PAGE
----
When Susanna Johnson’s water broke at home signaling the imminent arrival of her first child in 2017, she knew she had to get to the hospital. But the Oxford homesteader refused to leave until she was satisfied the family’s horses had enough hay and water for at least a day.
“I was doing every breathing exercise I knew to keep from pushing and telling my husband, ‘Wait, you need to feed the horses as much hay as possible before we leave.’” Johnson said. “He still teases me about that.”
Johnson and her husband arrived at the hospital with just 27 minutes to spare before their daughter was born.
Having a working homestead or farm is a 24 hour a day, 365 days a year job. There’s little time or opportunity for vacations or weekend getaways. The chores, after all, still need to be done everyday.
For homesteaders like Johnson, homesteading while pregnant can mean taking as little time off as possible.
Just ask Elena Beal. She spent her first trimester of her first pregnancy raking blueberries on her family’s Josh Pond Farm in Whiting and said she would not have had it any other way.
“It was intense, but I loved it,” Beal said. “I love farming and how the seasons change with each month bringing a new harvest and when I think back to that first pregnancy it’s the seasons that really pop up for me.”
What does not stick in her mind are the times she may have experienced the nausea and other morning sickness that can accompany a pregnancy.
“I was so busy then, I did not have time to think about nausea or tiredness,” said Beal, who is currently pregnant with her second child. “The seasons are so important for the farm and my family and if I was sick at all, it’s a tiny blip of a memory.”
Some homesteaders, though, may have the option of planting a smaller garden so there’s less harvesting, canning and freezing to do during pregnancy. But for others, the work simply continues.
“My first baby came right before kidding season,” Beal said. “So that year I got to bring her along for the birth of 24 goats.”
For this pregnancy, Beal’s first trimester coincided with the annual kidding season.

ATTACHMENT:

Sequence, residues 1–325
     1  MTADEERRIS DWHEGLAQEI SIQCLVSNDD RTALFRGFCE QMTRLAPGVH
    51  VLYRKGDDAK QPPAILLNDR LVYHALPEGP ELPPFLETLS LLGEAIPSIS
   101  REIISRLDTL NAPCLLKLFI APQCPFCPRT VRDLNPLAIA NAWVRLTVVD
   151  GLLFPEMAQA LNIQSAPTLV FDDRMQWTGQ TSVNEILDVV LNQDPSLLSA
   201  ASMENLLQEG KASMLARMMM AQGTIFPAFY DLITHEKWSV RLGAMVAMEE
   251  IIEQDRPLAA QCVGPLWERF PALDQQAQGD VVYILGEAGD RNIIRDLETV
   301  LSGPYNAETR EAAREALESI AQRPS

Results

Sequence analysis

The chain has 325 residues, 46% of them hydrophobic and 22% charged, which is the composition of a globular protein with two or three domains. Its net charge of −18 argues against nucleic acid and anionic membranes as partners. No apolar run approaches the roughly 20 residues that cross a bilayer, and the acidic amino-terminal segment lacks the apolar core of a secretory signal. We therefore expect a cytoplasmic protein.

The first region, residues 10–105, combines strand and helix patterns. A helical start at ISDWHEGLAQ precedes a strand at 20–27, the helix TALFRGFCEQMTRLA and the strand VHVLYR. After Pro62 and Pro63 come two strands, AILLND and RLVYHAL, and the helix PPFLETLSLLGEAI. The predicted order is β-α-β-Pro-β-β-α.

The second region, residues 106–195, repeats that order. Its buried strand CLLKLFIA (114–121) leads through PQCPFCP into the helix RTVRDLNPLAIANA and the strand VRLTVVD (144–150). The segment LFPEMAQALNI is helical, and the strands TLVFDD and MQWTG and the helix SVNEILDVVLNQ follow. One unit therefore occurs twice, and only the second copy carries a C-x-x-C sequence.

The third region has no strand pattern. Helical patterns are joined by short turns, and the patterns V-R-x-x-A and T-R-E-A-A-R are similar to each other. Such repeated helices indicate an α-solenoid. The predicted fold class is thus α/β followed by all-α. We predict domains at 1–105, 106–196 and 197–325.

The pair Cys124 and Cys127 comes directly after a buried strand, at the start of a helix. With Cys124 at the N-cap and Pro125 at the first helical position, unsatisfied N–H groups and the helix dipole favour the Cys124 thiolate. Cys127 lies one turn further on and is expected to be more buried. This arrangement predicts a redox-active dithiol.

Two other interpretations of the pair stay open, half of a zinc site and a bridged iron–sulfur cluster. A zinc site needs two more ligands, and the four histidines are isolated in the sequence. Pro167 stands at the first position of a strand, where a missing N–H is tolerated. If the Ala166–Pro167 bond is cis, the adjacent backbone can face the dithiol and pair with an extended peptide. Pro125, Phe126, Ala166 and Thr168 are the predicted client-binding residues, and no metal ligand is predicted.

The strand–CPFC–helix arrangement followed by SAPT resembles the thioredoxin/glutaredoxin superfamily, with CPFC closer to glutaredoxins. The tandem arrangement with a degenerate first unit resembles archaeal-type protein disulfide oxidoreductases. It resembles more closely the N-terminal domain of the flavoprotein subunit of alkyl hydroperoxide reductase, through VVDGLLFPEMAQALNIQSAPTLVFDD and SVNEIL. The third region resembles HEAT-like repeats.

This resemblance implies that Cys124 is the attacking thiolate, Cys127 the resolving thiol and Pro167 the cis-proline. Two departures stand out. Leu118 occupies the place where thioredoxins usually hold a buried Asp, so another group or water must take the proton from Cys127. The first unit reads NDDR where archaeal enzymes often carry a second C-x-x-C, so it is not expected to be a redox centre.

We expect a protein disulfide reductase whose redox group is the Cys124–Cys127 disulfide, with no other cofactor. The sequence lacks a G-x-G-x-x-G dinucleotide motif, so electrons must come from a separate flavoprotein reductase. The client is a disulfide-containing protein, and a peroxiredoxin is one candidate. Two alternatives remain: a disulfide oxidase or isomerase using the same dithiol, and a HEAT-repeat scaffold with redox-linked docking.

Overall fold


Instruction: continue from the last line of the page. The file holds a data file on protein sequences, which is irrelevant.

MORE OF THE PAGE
“We truly love and care for our goats,” Beal said. “It’s really special knowing I am going through their birthings while I am carrying my baby — I think they know and they are showing more kindness and love.”
Still, there are risks working close to animals on a farm. Kimberly Young, who homesteads and teaches horseback riding on her farm in Union, was exposed to the parasite toxoplasmosis that can cause serious health issues for pregnant women and their babies.
Toxoplasmosis is a condition caused by a common parasite most often associated with cats, according to the U.S. Centers for Disease Control and Prevention. They and other animals can become infected by eating infected rodents, birds or other small animals. But exposure can also come from eating raw or undercooked meat or unwashed fruit or vegetables.
For most people, their own immune system is enough to prevent them from becoming sick. But women infected with the toxoplasma parasite during or shortly before becoming pregnant are at greater risk for serious health complications including miscarriage, stillbirth and damage to the baby’s organs or eyes.
Young is currently trying to find a medical specialist for care, but before she can be referred to one, she needs specific blood tests not offered in her area. She remains optimistic.
“We are still sorting through what is the right thing to do and how to manage it,” Young said. “It’s not the ideal situation, but it’s OK.”
Young is due in December and said her plan is to work as close to giving birth as possible and then get back to work as soon as she can after delivery.
“That’s the game plan,” she said. “I’m the only employee here.”
Beal said she was back in the cheese making room and tending goats about a week after having her first child.
“I was nursing my baby every two to three hours while milking goats and making cheese,” Beal said. “That was actually a lot more difficult than being pregnant.”
Johnson didn’t even have a full 24 hours to rest up after giving birth before she was having to deal with farm work.
“The next morning after I had my baby I get a call from my hay supplier,” Johnson said. “Our hay was ready and we had to take it right then, so while I’m in the hospital with my day-old baby, I’m making arrangements to find people to help my husband get hundreds of bales into our barn.”
Beal said her family would be more than happy to take on extra chores to give her some time off before and after she gives birth, but as long as she and the baby are healthy, she’s not interested.
“I know what farming is like and I know what it’s like when they need help,” Beal said. “Plus I love farm life and being a farm mom.”